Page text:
SALT LAKE CITY — In this edition of LIFEadvice, life coaches Kim Giles and Nicole Cunningham share why people who are different make us uncomfortable and how to change that.
I loved your article last week about not being self-righteous but it brought up another question for me. I have found it hard to socialize with both my church friends and my non-member friends at the same time. It’s a problem for one reason — some are so uncomfortable around people who are drinking alcohol they cannot even handle it. They see people who drink as having poor values. Is there any advice you would give people who are uncomfortable around people who are different from them, which might help them be more friendly and cool with everyone?
Science has actually proven that we are all subconsciously attracted to people who are similar to us. We prefer people who look like us, have similar personalities, and similar education levels. We are naturally more comfortable with all similarities and uncomfortable with differences. Stacy Lynn Harp, a marriage and family therapist told Medical Daily, “Likeness attracts likeness. It’s actually a myth that opposites attract.”
Through Implicit Association testing, led by researchers at Harvard, scientists have also shown that most of us also have subconscious biases for our own groups. We prefer people of the same race, who have the same values, economic status, and education level we have. So, it’s no surprise that it’s a bumpy road when you try to bring very different kinds of people together. They won't naturally gel.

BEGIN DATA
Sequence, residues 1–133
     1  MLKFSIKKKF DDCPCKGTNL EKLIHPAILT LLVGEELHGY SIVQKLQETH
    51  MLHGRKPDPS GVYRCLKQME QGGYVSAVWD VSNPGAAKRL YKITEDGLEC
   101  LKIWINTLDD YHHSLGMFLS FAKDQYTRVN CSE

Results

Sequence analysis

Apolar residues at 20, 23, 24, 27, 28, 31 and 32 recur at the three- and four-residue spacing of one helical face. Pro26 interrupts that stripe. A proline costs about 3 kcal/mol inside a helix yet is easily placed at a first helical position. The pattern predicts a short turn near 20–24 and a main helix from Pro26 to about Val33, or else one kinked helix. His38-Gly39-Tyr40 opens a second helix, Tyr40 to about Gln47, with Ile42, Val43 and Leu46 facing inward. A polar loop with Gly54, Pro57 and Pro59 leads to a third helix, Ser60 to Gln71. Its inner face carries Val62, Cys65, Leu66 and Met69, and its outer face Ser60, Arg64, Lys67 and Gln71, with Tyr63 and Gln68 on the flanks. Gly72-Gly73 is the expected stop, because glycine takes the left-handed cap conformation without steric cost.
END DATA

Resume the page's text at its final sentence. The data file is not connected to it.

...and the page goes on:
But we all need to broaden our horizons and get to know people who are different from us, so we have less fear and discomfort around them. Yes, that uncomfortable feeling you feel is fear.
Differences create fear of failure and loss. This happens because we are subconsciously programmed to see everything in terms of better or worse. We compare everything and everyone, and any differences create the question of which is better and which is less. This means all differences are a threat to our own worth and safety at some level. If they are better and we are worse, we experience fear of failure. So, we need to see them as less to feel safe. We can also be afraid their differences might influence or affect our families negatively.
The way we eliminate these fears is to simply remind ourselves there is no better or worse when it comes to people — there is only different. We all have the same intrinsic, infinite, worth all the time. When you make this your truth it makes differences less threatening.
We also believe people need to be exposed to more different kinds of people to make the fear go away.
It’s your responsibility to watch for subconscious (or conscious) bias against people who are different from you. It is your responsibility to change your own subconscious biases against these people, too. It’s your responsibility, because choosing not to address your biases, is the same as accepting racism as OK, because it’s all you have known. Ignorance isn’t innocence.